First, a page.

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A beautiful body design with powerful EMG HZ humbucker pickups.
Modeled after the legendary Who bassist's favorite axe, the Dean John Entwistle Hybrid Electric Bass Guitar has a striking angular body design with rounded edges. The body and top are made of Alder for an extra deep sound with a comfortable C-shaped, bolt-on maple neck. EMG HZ pickups provide high-output power and low noise from their dual bar polepieces and overwound coils. Other notable features of this special bass include precision die-cast tuners and a dual-purpose, die-cast bridge
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Review Snapshot®by PowerReviews
Reviewed by 1 customer
Displaying review 1
Comments about Dean John Entwistle Hybrid 5-String Bass:
I always thought a bass had to be neck-through to get sustain like this, but it even holds low notes for days using only 3 tiny bolts on the neckplate. The fourth bolt is missing to give easier access to high frets and is moderately successful in doing so compared to a T-bird.
There is a volume control for each pickup and a master 3-band ACTIVE EQ. The pickups sound great even set flat, but I put all of them all the way up to try to come close to the output of my '64 T-bird (that I retired from the road). I wish the Dean had passive capability since I hate relying on a battery, but it doesn't.
The full contact bridge can be strung through the bass or top-loaded with enough room for different gauge and string types. Mine came perfectly set up from Indonesia; absolutely no buzz with incredibly low action and packed very well. That was not the case with a Jaguar V that came from the same country, but the Jag V was half the price.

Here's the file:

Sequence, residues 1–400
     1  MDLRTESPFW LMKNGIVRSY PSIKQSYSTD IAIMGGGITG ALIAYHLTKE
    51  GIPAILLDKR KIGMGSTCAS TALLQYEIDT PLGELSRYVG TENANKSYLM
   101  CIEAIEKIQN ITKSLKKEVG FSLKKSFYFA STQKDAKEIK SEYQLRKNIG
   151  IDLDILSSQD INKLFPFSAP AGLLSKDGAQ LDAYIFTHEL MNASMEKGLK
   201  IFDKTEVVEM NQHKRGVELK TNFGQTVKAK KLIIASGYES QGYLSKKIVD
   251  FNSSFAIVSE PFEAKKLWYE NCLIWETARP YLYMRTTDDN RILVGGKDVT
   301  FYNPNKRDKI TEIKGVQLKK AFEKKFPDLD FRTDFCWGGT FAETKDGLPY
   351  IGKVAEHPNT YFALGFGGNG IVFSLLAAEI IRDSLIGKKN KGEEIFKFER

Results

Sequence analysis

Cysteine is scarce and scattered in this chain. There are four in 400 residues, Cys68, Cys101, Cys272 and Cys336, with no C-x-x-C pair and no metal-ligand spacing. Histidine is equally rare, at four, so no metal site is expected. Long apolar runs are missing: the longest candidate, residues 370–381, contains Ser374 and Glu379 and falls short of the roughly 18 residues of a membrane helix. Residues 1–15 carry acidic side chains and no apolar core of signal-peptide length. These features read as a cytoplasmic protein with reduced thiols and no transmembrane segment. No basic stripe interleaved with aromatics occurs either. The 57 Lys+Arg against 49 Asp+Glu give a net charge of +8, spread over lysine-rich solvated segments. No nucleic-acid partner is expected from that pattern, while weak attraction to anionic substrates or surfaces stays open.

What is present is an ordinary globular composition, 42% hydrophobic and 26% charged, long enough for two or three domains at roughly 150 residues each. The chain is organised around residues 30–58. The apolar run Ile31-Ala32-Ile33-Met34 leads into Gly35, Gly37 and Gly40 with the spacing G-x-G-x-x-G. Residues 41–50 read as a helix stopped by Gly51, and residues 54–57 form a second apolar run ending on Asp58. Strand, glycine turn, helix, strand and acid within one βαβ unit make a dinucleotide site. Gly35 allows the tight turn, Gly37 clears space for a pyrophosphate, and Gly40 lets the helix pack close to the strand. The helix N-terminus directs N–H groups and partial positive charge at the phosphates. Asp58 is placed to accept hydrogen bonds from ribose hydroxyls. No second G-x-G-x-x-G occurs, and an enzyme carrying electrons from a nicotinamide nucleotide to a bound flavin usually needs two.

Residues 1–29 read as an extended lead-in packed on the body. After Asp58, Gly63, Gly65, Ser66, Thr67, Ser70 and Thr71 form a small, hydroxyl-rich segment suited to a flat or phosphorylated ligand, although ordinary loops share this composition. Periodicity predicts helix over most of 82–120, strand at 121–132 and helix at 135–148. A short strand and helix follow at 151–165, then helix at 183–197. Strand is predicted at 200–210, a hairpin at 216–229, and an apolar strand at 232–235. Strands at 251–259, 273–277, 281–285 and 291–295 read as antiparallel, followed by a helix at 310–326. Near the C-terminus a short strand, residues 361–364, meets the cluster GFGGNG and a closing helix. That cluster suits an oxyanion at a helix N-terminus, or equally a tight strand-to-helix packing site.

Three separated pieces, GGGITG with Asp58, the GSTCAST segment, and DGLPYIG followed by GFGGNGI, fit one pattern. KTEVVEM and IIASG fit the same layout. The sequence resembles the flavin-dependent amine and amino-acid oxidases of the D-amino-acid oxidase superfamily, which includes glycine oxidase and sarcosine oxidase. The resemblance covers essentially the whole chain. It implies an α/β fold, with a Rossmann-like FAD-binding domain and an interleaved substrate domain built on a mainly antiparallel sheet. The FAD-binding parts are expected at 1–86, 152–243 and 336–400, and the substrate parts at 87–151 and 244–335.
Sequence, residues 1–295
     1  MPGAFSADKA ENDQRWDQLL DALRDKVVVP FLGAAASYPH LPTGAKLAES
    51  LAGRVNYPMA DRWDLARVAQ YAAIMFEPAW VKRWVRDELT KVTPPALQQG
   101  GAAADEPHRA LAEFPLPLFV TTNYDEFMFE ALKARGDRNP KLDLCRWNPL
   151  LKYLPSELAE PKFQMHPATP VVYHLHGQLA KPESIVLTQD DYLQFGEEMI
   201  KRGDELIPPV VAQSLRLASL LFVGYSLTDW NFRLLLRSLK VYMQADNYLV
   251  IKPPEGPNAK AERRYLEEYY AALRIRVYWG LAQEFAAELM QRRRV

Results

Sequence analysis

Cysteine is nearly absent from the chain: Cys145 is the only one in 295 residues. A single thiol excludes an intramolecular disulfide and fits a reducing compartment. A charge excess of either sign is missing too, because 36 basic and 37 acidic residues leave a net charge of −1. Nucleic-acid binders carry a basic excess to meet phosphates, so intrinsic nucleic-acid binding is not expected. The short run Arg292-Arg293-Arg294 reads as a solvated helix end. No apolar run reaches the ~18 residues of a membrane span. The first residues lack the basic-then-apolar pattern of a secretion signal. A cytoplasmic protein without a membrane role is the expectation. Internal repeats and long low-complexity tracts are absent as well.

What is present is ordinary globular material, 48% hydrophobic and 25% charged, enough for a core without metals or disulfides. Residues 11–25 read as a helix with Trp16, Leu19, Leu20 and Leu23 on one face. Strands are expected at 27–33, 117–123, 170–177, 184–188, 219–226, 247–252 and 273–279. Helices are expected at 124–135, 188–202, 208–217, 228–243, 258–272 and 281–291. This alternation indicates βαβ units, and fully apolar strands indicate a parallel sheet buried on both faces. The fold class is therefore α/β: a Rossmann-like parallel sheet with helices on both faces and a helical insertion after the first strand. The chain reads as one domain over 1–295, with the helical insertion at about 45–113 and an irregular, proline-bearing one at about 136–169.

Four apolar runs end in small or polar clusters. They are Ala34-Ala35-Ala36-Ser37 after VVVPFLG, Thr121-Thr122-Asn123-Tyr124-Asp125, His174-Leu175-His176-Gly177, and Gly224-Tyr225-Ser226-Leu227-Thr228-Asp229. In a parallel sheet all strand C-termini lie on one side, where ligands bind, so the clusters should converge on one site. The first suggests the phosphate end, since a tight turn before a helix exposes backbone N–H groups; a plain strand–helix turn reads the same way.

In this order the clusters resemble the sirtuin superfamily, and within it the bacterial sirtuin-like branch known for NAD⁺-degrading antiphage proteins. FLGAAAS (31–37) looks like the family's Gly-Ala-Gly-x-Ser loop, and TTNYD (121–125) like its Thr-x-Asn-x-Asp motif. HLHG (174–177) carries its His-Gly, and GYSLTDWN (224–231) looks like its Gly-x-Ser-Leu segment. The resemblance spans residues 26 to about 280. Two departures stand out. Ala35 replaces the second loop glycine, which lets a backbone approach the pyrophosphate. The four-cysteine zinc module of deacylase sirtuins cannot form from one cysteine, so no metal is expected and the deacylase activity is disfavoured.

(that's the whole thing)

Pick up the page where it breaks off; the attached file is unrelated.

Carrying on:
The satin finish neck feels like an Epi T-bird Pro V but these EMG pickups were made for a 5-string unlike the Epi that borrowed pickups from a four string bass. My "hybrid" bass will take over my beloved Reunion Blues Continental RB gig bag from my Epi P-5 since it fits in it better and should be more fun at a gig. Definitely a conversation piece with Who fans; too bad I can't stand their singer's voice, their music was definitely amazing.
I'm used to neck-heavy basses since I usually play 'birds. I will miss my '64 at gigs, but I won't worry about the headstock snapping off or not being able to replace the Dean if it is stolen. I doubt something this ugly will be and I mean that as a compliment. The low B string has become a requirement at gigs. I can't wait to feel this bass rattle the stage.
I'll probably install a passive Mike Lull Tbass 5 pickup in this and love it for the money. I don't see why all the other fenderbirds out there are so expensive.